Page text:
Archive for October, 2011

Halloween—10-2011

Wednesday, October 26th, 2011

How will this Halloween be different from any other Halloween? A singular event will happen this October 31st.

That is the day demographers predict a very special baby will be born—the Earth’s 7 billionth citizen! She will probably arrive in a developing country, because that is where most of the planet’s babies are born.

What else can we say about this unique, but unidentifiable person? Let’s assume she is a girl. However, in the world’s two largest countries, China and India, girls are selected against because people value boys more than girls. Early in pregnancy some women pay for illegal ultrasounds done to determine if they are carrying a boy or a girl. If a girl, she is likely to be aborted.

And, as incredible as it may seem, femicide (selective killing of baby girls shortly after birth) is still practiced.

If the seven billionth baby is a girl born in a poor country, she will probably go to school for only a few years. Even if she finishes the elementary grades, it is unlikely that she will graduate from high school. Her lack of education is partially due to difficulty paying tuition and for the books, shoes and school uniform she would need. She will also be needed at home. Her chores will include helping her mother cook, caring for younger kids, and gathering firewood and water. It is common for women and girls to walk miles every day just to fetch water.

She may be held down and have her genitals mutilated if she lives in certain areas of Africa or the Middle East. This girl also may be promised to her future husband as a child, and be forced to marry even before she reaches puberty. It is likely that she will become pregnant as a teen, knowing little of family planning. If she is lucky, she will have a healthy baby, but too many of these young brides grow a baby larger than their bones can accommodate, with disastrous results.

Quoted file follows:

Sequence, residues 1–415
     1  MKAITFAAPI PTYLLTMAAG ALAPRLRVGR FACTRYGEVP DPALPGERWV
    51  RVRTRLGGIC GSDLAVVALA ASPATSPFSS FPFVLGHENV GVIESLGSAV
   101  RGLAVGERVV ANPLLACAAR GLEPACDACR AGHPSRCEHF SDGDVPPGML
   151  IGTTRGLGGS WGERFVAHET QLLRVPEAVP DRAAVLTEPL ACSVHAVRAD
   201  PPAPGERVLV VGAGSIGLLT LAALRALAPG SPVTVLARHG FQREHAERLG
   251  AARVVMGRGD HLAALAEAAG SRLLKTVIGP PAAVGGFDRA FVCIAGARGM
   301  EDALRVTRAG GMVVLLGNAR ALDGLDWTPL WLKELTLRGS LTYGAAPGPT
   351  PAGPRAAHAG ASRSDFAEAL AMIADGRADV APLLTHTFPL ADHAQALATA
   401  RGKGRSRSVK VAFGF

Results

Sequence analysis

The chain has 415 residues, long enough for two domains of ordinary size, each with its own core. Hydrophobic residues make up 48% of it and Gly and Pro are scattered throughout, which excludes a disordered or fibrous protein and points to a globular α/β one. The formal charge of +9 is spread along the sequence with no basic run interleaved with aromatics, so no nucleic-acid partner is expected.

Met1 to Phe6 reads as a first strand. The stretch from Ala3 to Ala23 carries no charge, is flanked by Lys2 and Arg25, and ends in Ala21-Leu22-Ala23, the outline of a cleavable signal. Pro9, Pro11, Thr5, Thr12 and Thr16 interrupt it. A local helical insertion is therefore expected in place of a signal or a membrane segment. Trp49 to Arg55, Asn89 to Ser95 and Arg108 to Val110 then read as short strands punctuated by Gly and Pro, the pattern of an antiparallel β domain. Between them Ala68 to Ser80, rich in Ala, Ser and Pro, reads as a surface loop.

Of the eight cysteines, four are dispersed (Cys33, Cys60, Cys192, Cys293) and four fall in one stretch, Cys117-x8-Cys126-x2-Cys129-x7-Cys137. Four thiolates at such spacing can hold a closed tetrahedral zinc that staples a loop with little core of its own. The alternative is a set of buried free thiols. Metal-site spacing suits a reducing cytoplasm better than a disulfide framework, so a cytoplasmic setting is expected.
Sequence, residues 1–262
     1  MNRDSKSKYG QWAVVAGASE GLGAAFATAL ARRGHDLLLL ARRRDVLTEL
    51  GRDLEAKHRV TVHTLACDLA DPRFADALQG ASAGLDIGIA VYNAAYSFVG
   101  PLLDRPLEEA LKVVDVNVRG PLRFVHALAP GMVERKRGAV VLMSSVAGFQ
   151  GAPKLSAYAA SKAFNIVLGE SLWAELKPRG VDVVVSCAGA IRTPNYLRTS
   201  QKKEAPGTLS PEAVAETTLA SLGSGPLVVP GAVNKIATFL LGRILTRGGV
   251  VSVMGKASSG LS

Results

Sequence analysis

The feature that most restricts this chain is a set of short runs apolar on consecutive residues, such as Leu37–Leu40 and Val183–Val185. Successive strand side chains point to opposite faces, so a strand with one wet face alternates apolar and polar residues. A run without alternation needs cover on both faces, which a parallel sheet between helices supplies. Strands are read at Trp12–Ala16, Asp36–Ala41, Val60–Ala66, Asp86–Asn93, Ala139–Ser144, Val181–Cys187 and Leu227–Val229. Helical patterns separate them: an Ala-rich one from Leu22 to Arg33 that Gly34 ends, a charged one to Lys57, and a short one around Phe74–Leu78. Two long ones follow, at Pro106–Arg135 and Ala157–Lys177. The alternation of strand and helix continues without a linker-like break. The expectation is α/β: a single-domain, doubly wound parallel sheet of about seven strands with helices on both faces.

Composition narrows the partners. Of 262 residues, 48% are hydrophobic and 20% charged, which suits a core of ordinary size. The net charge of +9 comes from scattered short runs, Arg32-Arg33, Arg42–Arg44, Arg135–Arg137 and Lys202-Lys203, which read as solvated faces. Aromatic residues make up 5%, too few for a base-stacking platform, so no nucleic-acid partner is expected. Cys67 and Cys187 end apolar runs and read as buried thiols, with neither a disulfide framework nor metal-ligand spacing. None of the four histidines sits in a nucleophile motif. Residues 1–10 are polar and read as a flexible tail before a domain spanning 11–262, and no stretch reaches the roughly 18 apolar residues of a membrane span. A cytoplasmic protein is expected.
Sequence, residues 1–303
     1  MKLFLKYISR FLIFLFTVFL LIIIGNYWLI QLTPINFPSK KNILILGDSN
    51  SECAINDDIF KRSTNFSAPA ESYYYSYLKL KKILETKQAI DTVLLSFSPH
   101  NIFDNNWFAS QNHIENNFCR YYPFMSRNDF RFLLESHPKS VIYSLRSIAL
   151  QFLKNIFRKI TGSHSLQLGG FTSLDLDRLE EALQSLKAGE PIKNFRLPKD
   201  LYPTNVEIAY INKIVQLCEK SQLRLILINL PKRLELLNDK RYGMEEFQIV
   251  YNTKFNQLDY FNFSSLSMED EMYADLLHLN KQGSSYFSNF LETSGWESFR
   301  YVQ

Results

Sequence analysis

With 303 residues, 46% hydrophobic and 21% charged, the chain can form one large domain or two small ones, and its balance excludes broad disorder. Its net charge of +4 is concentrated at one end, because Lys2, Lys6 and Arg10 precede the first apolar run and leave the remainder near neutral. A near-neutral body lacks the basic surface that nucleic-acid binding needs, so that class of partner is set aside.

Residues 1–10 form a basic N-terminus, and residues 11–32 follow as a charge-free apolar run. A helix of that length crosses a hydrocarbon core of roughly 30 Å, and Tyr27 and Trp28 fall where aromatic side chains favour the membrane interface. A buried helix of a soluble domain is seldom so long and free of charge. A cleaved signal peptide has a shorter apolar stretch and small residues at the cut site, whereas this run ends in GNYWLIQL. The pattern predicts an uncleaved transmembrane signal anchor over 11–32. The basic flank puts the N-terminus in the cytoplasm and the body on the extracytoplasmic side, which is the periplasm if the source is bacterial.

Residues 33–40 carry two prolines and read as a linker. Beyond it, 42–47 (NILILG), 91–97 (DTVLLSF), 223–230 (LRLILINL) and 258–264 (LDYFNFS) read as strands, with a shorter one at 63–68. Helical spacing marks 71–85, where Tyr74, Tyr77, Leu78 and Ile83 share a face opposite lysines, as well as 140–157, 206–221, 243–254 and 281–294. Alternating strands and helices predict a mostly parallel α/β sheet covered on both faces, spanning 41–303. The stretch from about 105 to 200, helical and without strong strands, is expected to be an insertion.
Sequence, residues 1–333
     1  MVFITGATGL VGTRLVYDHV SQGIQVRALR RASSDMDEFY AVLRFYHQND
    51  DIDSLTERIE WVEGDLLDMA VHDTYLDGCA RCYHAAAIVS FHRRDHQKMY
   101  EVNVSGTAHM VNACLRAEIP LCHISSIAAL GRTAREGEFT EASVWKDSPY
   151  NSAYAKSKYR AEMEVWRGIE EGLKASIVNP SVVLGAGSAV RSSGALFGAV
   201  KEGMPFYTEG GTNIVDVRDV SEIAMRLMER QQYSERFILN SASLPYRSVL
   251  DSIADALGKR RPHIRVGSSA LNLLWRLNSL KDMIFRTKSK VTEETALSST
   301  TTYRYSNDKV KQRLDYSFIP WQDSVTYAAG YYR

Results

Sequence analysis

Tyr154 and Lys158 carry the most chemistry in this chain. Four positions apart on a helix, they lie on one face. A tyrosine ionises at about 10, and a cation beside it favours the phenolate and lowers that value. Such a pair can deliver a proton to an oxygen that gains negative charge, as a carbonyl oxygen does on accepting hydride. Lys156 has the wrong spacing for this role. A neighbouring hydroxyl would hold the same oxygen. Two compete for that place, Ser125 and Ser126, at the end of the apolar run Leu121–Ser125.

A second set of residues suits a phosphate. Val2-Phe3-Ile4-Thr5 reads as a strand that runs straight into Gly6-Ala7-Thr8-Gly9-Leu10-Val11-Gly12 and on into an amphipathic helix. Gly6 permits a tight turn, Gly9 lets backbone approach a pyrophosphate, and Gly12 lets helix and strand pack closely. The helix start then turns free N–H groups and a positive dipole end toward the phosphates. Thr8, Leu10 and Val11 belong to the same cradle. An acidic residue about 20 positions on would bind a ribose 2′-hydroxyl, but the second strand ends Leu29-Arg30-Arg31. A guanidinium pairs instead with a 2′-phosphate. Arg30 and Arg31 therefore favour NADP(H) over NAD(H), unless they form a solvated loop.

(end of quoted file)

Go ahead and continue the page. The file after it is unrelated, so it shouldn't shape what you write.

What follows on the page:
She will probably stay at home when she goes into labor. If she is lucky her attendant will be a trained midwife. Too often traditional birth attendants have no formal training and rely on old wives’ tales to welcome new life. Women in labor in poor countries die at alarming rates from hemorrhage, infection and toxemia.

What can this person look forward to? I expect that the world she will join will be very different from the world that we have enjoyed. When she is a teen petroleum will be less plentiful and very pricey. As a result we in the USA will go back to many aspects of the lifestyle of our great-grandparents. We will travel less, since fuel will be very expensive.  We will live close to work to save fuel. And our homes will be smaller to save on heating and cooling.

Food will become a much larger portion of everyone’s budget. Remember the reason that food is relatively inexpensive is that much of the work to raise it depends on petroleum, and petroleum is used to make the chemicals that boost production. The world’s population has grown at a record rate in the last century largely due to the availability of inexpensive food.

Can we look 20 years into this special young lady’s future? She may be the mother of young children, and perhaps already had a child die from lack of safe water and adequate food. Her responsibilities will include cooking and caring for her family and helping her husband in the fields. If she is lucky, she may have her own small microenterprise, selling food or wares.

Past traditions will not have prepared her well for the future, since the world is changing very rapidly. In 2031 it would take two planets Earth to support our burgeoning population sustainably, unless we make enormous changes. We can alter our lifestyles to consume less; indeed, we may be forced to make substantial change. Less travel, more efficient use of energy resources and more renewable energy will become the norm.

Enabling smaller family size will be the key to continued existence. Family planning will help both survival of humans and also survival of other members of the web of life upon which we are so dependent.

This Halloween you can look forward to the usual spooks and demons at your doorstep. In addition, however, glimpse into the future and you will see the specter of human overpopulation.

© Richard Grossman MD, 2011

Volunteer for Durango Nature Studies–9-2011

Monday, October 17th, 2011